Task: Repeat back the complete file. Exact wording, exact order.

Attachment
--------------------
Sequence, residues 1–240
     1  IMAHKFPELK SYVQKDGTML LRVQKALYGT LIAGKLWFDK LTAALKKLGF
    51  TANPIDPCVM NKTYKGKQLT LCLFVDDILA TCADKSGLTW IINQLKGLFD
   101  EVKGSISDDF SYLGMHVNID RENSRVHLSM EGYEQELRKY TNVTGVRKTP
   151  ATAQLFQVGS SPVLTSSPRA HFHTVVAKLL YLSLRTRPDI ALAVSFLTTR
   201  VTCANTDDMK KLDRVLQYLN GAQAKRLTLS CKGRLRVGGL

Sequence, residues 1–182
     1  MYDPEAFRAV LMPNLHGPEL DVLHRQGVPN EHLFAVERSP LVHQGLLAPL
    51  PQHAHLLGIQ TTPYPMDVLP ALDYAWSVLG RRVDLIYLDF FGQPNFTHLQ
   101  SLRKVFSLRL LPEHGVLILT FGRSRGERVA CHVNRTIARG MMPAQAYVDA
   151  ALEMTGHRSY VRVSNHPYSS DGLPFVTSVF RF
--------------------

Sequence, residues 1–240
     1  IMAHKFPELK SYVQKDGTML LRVQKALYGT LIAGKLWFDK LTAALKKLGF
    51  TANPIDPCVM NKTYKGKQLT LCLFVDDILA TCADKSGLTW IINQLKGLFD
   101  EVKGSISDDF SYLGMHVNID RENSRVHLSM EGYEQELRKY TNVTGVRKTP
   151  ATAQLFQVGS SPVLTSSPRA HFHTVVAKLL YLSLRTRPDI ALAVSFLTTR
   201  VTCANTDDMK KLDRVLQYLN GAQAKRLTLS CKGRLRVGGL

Sequence, residues 1–182
     1  MYDPEAFRAV LMPNLHGPEL DVLHRQGVPN EHLFAVERSP LVHQGLLAPL
    51  PQHAHLLGIQ TTPYPMDVLP ALDYAWSVLG RRVDLIYLDF FGQPNFTHLQ
   101  SLRKVFSLRL LPEHGVLILT FGRSRGERVA CHVNRTIARG MMPAQAYVDA
   151  ALEMTGHRSY VRVSNHPYSS DGLPFVTSVF RF